Dabigatran Etexilate: Agents with Antiplatelet Properties may enhance the anticoagulant effect of Dabigatran Etexilate. Agents with Antiplatelet Properties may increase the serum concentration of Dabigatran Etexilate. This mechanism applies specifically to clopidogrel. Management: Carefully consider risks and benefits of this combination and monitor closely; Canadian labeling recommends avoiding prasugrel or ticagrelor. Risk C: Monitor therapy

Dapoxetine: May enhance the adverse/toxic effect of Serotonin Modulators. Risk X: Avoid combination

Dasatinib: May enhance the anticoagulant effect of Agents with Antiplatelet Properties. Management: Drugs listed as exceptions to this monograph are discussed in further detail in separate drug interaction monographs. Risk C: Monitor therapy

Deferasirox: May increase the serum concentration of CYP1A2 Substrates (High risk with Inhibitors). Risk C: Monitor therapy

Deoxycholic Acid: Agents with Antiplatelet Properties may enhance the adverse/toxic effect of Deoxycholic Acid. Specifically, the risk for bleeding or bruising in the treatment area may be increased. Risk C: Monitor therapy

DOXOrubicin (Conventional): CYP2D6 Inhibitors (Moderate) may increase the serum concentration of DOXOrubicin (Conventional). Management: Seek alternatives to moderate CYP2D6 inhibitors in patients treated with doxorubicin whenever possible. One U.S. manufacturer (Pfizer Inc.) recommends that these combinations be avoided. Risk D: Consider therapy modification

Edoxaban: Agents with Antiplatelet Properties may enhance the adverse/toxic effect of Edoxaban. Specifically, the risk of bleeding may be increased. Risk C: Monitor therapy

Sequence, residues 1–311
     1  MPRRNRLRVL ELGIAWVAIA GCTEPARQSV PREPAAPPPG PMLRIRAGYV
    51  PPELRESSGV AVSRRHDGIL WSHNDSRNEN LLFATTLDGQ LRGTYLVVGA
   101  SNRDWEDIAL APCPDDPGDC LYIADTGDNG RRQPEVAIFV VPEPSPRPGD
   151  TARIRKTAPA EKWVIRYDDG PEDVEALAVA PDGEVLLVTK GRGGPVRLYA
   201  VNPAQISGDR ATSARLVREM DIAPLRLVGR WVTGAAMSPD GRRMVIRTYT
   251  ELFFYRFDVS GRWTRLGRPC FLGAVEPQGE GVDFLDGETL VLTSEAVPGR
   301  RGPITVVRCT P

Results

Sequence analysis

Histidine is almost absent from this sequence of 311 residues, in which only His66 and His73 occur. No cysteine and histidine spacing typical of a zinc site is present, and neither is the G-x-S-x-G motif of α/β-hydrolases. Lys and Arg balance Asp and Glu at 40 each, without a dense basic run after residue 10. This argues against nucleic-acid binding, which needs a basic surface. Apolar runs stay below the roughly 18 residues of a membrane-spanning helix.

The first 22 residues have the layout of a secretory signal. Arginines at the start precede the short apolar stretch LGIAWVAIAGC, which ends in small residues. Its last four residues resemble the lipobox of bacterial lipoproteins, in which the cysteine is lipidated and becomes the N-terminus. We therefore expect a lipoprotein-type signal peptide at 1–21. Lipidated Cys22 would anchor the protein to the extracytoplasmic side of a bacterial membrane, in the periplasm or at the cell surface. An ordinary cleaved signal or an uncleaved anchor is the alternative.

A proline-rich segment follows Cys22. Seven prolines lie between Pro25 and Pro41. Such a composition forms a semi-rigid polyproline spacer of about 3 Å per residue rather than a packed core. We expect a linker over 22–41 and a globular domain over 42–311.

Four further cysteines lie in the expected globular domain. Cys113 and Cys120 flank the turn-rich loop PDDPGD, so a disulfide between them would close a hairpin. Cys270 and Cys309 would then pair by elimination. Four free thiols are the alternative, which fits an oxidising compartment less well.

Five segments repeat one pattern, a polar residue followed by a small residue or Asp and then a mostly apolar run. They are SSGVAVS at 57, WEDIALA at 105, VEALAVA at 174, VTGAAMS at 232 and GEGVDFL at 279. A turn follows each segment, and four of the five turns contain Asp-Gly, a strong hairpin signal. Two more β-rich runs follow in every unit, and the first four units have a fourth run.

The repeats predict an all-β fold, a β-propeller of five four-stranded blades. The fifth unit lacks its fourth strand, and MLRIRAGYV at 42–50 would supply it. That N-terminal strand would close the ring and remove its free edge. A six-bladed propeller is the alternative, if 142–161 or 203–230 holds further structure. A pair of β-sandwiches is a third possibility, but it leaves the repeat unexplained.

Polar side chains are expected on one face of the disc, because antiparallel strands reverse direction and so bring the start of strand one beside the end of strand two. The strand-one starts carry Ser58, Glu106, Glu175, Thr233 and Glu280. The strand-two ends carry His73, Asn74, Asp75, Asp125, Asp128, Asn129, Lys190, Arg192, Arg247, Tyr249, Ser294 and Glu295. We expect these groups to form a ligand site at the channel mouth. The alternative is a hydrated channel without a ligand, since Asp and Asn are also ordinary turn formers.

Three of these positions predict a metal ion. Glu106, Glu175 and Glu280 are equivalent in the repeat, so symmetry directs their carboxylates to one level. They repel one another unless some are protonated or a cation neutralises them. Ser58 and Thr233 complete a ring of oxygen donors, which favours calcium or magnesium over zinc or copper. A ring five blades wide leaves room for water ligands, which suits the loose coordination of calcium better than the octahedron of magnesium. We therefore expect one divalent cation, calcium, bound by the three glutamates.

Eliglustat: CYP2D6 Inhibitors (Moderate) may increase the serum concentration of Eliglustat. Management: Reduce the eliglustat dose to 84 mg daily. Avoid use of eliglustat in combination with a moderate CYP2D6 inhibitor and a strong or moderate CYP3A4 inhibitor. Risk D: Consider therapy modification

Fat Emulsion (Fish Oil Based): May enhance the adverse/toxic effect of Agents with Antiplatelet Properties. Risk C: Monitor therapy

Fesoterodine: CYP2D6 Inhibitors may increase serum concentrations of the active metabolite(s) of Fesoterodine. Risk C: Monitor therapy

Glucosamine: May enhance the antiplatelet effect of Agents with Antiplatelet Properties. Risk C: Monitor therapy

Herbs (Anticoagulant/Antiplatelet Properties) (eg, Alfalfa, Anise, Bilberry): May enhance the adverse/toxic effect of Agents with Antiplatelet Properties. Bleeding may occur. Risk D: Consider therapy modification

Ibritumomab Tiuxetan: Agents with Antiplatelet Properties may enhance the adverse/toxic effect of Ibritumomab Tiuxetan. Both agents may contribute to impaired platelet function and an increased risk of bleeding. Risk C: Monitor therapy